HDTV: Is it worth it?

Gadgets Channel / Bullz-Eye Home

If you had asked me if HDTV was worth it a few months ago, my answer would have been most certainly “no.” HDTV quality is outstanding, but the costs associated with viewing HD content can be prohibitive. HDTV-ready monitors are generally quite expensive and it can be very confusing to try to navigate all the HDTV choices that are out there. However, the prices of HD monitors have come down in recent months and it is becoming more affordable to upgrade your home theater to HDTV, especially if you have the environment conducive to a projection system.

I have recently upgraded to HDTV, using a front projection system to view the content. I will describe my system in more detail, but I have to say that the picture is amazing. I am able to watch programming such as 24 and Alias (along with the occasional basketball or football game) in better-than-DVD quality, which is far superior to standard TV.

What is HDTV?

HDTV stands for High Definition Television. In layman’s terms, it is a format of television that offers more clarity than standard television (STV). There are two different formats of HDTV as well as another format that is neither STV nor HDTV, called Enhanced Definition Television (EDTV).

STV: 480i – In standard TV, there are 480 horizontal lines in the picture. The picture is interlaced, which means that the monitor shows every odd horizontal line (1, 3, 5 and so on) the first 1/60 of a second then shows every even line the second 1/60 of a second. As a result, the viewer receives a full 480 line picture every 1/30 of a second. STV is broadcast in a 4:3 aspect ratio.

EDTV: 480p – The “p” stands for “progressive” which means that every horizontal line (1, 2, 3, etc) is shown every 1/60 of a second. You may have seen some DVD players marketed as “progressive-scan”. If your monitor is able to handle a progressive video input, you will experience a better picture. Some TV manufacturers started marketing these types of monitors as EDTV as sort of a midpoint between STV and true HDTV.

HDTV: This is generally available in two formats, both in 16:9 aspect ratio:

1080i – 1,080 horizontal lines in interlaced format. Your eye is seeing more than twice the information as standard TV, 1,080 lines every 1/30 of a second.

720p – 720 horizontal lines in progressive format. This is also an improvement over 480i and 480p. The 720p has found its niche in high motion video such as sports programming, though I have a tough time telling the difference between 720p and 1080i. They both look much better than STV.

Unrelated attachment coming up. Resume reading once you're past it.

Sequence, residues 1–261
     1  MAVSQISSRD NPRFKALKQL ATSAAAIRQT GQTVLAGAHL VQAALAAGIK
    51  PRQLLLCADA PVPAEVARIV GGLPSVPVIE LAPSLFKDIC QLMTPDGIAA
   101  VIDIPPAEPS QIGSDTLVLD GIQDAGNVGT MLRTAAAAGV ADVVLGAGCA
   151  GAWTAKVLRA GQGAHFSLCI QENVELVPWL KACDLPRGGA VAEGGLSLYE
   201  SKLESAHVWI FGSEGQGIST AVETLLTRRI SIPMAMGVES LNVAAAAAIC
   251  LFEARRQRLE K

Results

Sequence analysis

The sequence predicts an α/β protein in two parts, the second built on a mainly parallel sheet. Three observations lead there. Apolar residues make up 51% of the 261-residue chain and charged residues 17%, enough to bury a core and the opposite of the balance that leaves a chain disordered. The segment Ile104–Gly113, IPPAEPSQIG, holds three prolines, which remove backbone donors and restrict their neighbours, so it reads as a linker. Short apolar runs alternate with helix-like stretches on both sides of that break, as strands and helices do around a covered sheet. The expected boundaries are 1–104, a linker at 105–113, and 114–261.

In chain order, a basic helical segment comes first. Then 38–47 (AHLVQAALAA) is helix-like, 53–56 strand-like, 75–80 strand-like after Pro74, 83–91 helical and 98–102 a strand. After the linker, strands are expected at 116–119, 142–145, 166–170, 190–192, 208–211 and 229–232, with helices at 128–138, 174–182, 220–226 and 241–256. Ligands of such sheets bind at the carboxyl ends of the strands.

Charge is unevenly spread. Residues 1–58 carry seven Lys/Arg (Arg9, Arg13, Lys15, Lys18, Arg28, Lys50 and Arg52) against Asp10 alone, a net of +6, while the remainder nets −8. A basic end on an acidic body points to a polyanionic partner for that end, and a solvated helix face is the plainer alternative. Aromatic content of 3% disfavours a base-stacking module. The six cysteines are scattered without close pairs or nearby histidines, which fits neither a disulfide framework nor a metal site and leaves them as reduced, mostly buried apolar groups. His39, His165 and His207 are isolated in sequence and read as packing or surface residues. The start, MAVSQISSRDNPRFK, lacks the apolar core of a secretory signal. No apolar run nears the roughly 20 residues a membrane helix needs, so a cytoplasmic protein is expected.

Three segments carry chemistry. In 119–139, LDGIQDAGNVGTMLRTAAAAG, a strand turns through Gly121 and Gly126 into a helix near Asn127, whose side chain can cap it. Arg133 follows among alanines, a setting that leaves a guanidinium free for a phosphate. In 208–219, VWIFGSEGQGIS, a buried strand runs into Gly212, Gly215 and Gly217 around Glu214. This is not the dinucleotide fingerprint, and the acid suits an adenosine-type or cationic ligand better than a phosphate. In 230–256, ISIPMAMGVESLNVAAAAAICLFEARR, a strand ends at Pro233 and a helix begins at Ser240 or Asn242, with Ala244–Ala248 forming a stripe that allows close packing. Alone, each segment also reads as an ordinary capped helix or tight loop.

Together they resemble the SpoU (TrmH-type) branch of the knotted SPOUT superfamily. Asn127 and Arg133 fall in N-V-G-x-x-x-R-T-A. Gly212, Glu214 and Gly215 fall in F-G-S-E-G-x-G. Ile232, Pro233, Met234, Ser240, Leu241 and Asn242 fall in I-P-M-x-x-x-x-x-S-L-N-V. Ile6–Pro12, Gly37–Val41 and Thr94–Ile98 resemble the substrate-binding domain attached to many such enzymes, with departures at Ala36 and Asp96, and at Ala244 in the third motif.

For even more detail about HDTV, read the article from Projector Central, HDTV in Plain English.

Where is HDTV available?

Most network affiliates around the country broadcast HDTV over the air, which you can view for free if you have an over-the-air antenna and a HDTV compatible monitor. Antenna Web is a great place to get started.

There, you can enter your address and it will give you a list of stations broadcasting in HDTV in your area. It will also tell you what type of antenna to buy and even what direction it needs to be pointed. If you go this route, you will need an HDTV tuner if your monitor doesn’t already have one built in.

For those who live in rural areas or in apartment buildings, an over-the-air antenna may not be an option. Most cable companies and satellite services now offer some HDTV content. Where I live, Adelphia offers the five network channels (ABC, NBC, CBS, FOX, PBS) as well as ESPN (for an extra $1.50) and HBO (which comes free if you are an HBO subscriber). Adelphia also offers a DVR (Digital Video Recorder) that acts as both an HDTV tuner and a TiVo-type recording device. Keep in mind that recording HDTV takes up quite a bit more space than standard TV, so the unit I have can record 50 hours of STV but only 8-15 hours of HDTV.

DirecTV and Dish Network offer HDTV programming as well. They will require you to get your local stations through an over-the-air antenna that can be attached to your dish. There was an all-HDTV satellite service called Voom, but according to their website, they have ceased operating.

The HDTV Pub is a good place to see consumer reviews of the HDTV options in your area. Just enter your zip code in the top right corner.

How Do I Watch HDTV?

Here is where HDTV can get quite confusing. You go to your electronics store and look at plasma, LCD (Liquid Crystal Display), DLP (Digital Light Processing) or LCOS (Liquid Crystal on Silicon) monitors and projection displays (which also come as LCD, DLP and LCOS) and it’s tough to know what is right for you.